E.g. the Loop fitness concept is based on circuit training.

Circuit traing Technogym Easyline Circuit training programs and posters Marina Aagaard

How do you train circuit training?
Circuit training is performed just as traditional strength and cardio training; you execute som specific exercise with proper – normal – technique.

The special characteristics of circuit training are:

1) training within a set time-frame, often but not always at high tempo, or:
2) training with a set number of repetitions
2) only 1 set of each exerciselse/station and then on to the next
3) no or short, < 10-15 sec., rest-pause between the exercises

There are numerous ways of designing circuit training programs for all-round fitness; your goal (and fitness status) determines exercise selection and sequence.

Circuit training is often classified as HIT, high-intensity training, and this is the case in e.g. CrossFit. However, just how intense the circuit is depends a lot on exercise selection, circuit format and your own exertion!

A typical program consists of 6-12 exercises with a balanced mix of upper and lower body exercise and cardio (full body) exercises.
Especially full body exercises with bodyweight or weights bring fast results.

Cardio exercises – full body or total body exercises (examples)

  • Jumping jacks
  • Scissor jumps, legs back/forth
  • Jogging, with high knees, or shuttle runs
  • Tuck jump, jump up, knees to chest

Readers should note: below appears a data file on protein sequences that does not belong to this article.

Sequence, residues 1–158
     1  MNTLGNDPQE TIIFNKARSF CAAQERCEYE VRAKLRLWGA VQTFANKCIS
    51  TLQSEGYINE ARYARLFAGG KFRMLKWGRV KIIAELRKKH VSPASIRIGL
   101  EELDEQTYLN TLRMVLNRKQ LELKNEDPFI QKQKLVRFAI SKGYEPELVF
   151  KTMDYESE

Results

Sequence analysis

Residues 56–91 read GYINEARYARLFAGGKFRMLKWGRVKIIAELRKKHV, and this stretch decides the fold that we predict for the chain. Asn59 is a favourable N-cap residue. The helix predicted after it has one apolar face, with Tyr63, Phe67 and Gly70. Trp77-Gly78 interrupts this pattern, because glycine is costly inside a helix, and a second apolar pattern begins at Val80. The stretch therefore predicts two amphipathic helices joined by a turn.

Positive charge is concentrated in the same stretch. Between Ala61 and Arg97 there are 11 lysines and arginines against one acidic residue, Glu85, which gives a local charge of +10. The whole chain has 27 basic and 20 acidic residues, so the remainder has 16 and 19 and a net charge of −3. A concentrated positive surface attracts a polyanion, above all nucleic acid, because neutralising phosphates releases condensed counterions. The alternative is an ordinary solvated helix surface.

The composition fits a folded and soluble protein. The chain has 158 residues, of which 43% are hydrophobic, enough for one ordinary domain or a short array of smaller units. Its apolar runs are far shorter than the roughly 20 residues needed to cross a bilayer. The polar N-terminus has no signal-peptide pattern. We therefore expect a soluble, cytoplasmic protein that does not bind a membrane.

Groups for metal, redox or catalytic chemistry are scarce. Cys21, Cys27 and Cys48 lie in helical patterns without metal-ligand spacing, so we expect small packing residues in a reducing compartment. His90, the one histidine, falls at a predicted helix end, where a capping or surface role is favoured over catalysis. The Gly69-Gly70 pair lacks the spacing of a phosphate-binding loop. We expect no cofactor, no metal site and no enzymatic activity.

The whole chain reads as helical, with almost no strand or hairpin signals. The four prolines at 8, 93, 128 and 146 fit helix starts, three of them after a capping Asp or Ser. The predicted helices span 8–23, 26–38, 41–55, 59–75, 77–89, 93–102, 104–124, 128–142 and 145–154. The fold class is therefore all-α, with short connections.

• Burpees, jump down into a push-up and up Again

Strength exercises, lower body (examples)

  • Step-up (strength and cardio)
  • Squat (many variations, e.g. box squat)
  • Squat jump
  • Lunge / side lunge
  • Lunge jumps

Styrkeøvelser overkrop (eksempler)

  • Push-ups
  • Pull-ups / chin-ups
  • Throws, e.g. with medicine ball
  • Bench press / chest press
  • Lat pull / rowing

Strength, core (examples)

  • Back extension
  • Ab curl / sit-up, crunches
  • Hanging leg-raises
  • Planks, side planks (isometric exercies are not optimal)
  • Torso rotation, e.g. cables, wood chops etc.

Coordination and agility (eksempler)

  • Rope jumping (motor skill and cardio)
  • Hurdles and ladder runs and dot drills
  • Touch down (side chassé and floor touch)
  • Boxing drills (e.g. with partner/punching bag)
  • Reaction exercise, onto stomach, jump forward, onto, back, jump up

Note: Risk of injury is high with agility, take precautions.

Super simple circuit program (example)

6 exercises/stations of 20 sec. work (2 min.). No pause (just change).
3 rounds of 2 min.: Approx. 6 min. ex. warm-up and cool-down.

1. Squat jump
2. Push ups
3. Lunge jump
4. Back extension with back fly
5. Push-press; squat with shoulderpress with weights
6. Roll-down, ‘eccentric’ ab curl

How often and how long should you train circuit training?
Typical circuit training frequency is 2-3 times per week.